The Wicklewood Blog

Welcome to our home. Come inside and discover the people, places and things that inspire us each day. From interviews with our ‘House Guests’, to daily doses of ‘Design Inspiration’ and some 'Nomad Living' inspo from our travels, exploring the world and the colours within it. We hope you enjoy!
  • 24 Jan 2019

Lilly de Jongh Osborne: A Life in Textiles

Lilly de Jongh Osborne: A Life in Textiles

Lilly de Jongh Osborne (1883-1975), the great-great-grandmother of Wicklewood’s co-founder, Caroline, was a prolific collector of textiles and crafts from Central America in the 1930s. Her textile collection - one of the biggest in the world - formed the foundations for Wicklewood's original designs. We are discovering a bit more about Lilly and her fascinating life in this week's blog post.

Lilly de Jongh Osborne was a Dutch woman raised in Costa Rica who had a love of meeting new people, a distaste for ladies’ luncheons and a fascination with Guatemalan traditions and culture.

‘Mamita’- as the family calls her - spent her days travelling on horseback through the highlands and exchanging new textiles for old ones. She carefully documented her discoveries and dedicated decades to becoming a pioneer collector.

'I started my textile collection with the idea of having it contain as many of the various textiles worn by the Indians of Guatemala. Little did I dream that the undertaking would be so difficult or so much fun or that I should learn so much in my search for the more elusive specimen'

- Lilly de Jongh Osborne 'Making a Textile Collection' article 1933

Lilly was a fantastic writer, lecturer, collector, and scholar specializing in Mesoamerican arts, crafts, and textiles. Some of her many artifacts are part of the collections at the University of Pennsylvania Museum of Archaeology and Anthropology.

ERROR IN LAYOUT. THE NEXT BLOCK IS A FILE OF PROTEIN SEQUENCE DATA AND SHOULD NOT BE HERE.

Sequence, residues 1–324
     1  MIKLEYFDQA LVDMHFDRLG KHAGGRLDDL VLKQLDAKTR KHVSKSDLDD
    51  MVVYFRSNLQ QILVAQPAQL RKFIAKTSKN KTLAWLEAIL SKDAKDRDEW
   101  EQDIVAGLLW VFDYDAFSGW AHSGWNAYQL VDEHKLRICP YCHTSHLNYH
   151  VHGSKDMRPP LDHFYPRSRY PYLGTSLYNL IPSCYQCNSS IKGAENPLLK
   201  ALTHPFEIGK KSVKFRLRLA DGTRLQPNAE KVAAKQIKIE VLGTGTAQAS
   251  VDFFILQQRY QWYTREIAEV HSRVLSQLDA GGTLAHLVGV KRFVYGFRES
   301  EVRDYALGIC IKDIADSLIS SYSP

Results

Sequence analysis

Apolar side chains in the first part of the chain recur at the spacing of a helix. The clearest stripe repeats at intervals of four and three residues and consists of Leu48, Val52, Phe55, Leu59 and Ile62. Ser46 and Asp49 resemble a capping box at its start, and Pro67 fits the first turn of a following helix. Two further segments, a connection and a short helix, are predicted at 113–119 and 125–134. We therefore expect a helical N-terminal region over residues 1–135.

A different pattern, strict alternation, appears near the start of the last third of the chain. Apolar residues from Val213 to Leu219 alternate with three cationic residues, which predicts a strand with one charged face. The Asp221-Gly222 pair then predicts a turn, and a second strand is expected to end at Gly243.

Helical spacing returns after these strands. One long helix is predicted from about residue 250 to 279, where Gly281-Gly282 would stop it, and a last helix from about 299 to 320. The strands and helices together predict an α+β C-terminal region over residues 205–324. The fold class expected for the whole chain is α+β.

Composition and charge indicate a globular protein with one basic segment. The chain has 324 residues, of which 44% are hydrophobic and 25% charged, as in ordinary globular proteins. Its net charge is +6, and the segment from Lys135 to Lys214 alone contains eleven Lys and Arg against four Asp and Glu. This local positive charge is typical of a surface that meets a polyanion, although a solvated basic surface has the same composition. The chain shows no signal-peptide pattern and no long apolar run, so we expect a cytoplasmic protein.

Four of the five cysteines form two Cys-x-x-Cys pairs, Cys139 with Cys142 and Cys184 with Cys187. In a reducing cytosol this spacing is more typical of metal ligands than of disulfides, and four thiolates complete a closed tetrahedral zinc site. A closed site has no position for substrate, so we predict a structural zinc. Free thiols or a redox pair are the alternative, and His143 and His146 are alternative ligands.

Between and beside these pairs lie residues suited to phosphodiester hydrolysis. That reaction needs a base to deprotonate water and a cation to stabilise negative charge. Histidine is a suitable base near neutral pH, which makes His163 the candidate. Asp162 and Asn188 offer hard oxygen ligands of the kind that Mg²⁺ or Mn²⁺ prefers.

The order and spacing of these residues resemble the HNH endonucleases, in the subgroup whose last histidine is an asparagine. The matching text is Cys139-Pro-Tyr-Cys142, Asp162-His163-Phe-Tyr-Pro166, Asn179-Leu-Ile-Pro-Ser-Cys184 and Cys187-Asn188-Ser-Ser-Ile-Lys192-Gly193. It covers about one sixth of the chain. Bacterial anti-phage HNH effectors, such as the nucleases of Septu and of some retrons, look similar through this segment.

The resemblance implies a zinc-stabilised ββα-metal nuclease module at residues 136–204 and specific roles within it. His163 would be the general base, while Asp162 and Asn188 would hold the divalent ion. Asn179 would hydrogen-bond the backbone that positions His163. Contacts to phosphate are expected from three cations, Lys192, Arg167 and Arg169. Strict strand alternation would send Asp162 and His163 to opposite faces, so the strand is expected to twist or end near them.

Lilly's lifelong passion for textiles and impressive collection served as a starting point for Wicklewood's original designs.

Lilly de Jongh Osborne inspired many of our original designs like the Ciche cushion. Handwoven on a backstrap loom in Guatemala this fabric is inspired by the long weaving traditions of the country.
 A photograph taken by Lilly of a craftswoman working on a backstrap loom. Wicklewood's  Ciche cushion in red and Ciche oblong cushion in blue are made from fabric handwoven on a backstrap loom, an ancient weaving technique practised for centuries in many parts of the world. All of our Guatemalan Jaspe designs are first made by hand binding the yarns to prepare them to be dyed and dried in the fields. From there the weaver sets up the yarns on the loom with the pattern ready to be woven using his hands and feet. The looms are simple often handmade and are easily portable making weaving an activity that can be done almost anywhere.
 Our Lilly cushion, oblong jaspe and Juanita table runner are all inspired by Guatemalan textiles and handwoven in Guatemala
  Written by Lilly in 1965, 'Indian Crafts of Guatemala and El Salvador' is a book devoted to the materials, techniques and articles made from textiles of Guatemala and El Salvador. A combination of technical information and many detailed illustrations, including the meanings of designs and the part they play in ceremonies. Wicklewood's Lilly cushion in creamJuanita table runner and Jaspe oblong cushion are inspired by Lilly's books, photographs and textile collection and our Diamond rug was also inspired by designs found on Lilly's extensive collection.
 Our diamond rug and caballa oblong are inspired by Guatemalan designs from Lilly de Jongh Osborne collection
 Lilly's horseback travels through the highlands was the inspiration for our Caballo cushion alongside the traditional Carrera de las Animas in Huehuetenango. Every November 1st, this city in the highlands of Western Guatemala celebrates a horse race where the riders dress in elaborate costumes boasting feathers in their hats and special jackets. The riders try to stay on their horse all day, doing rounds on the 328-foot track while drinking agua ardiente (booze) all day long(!)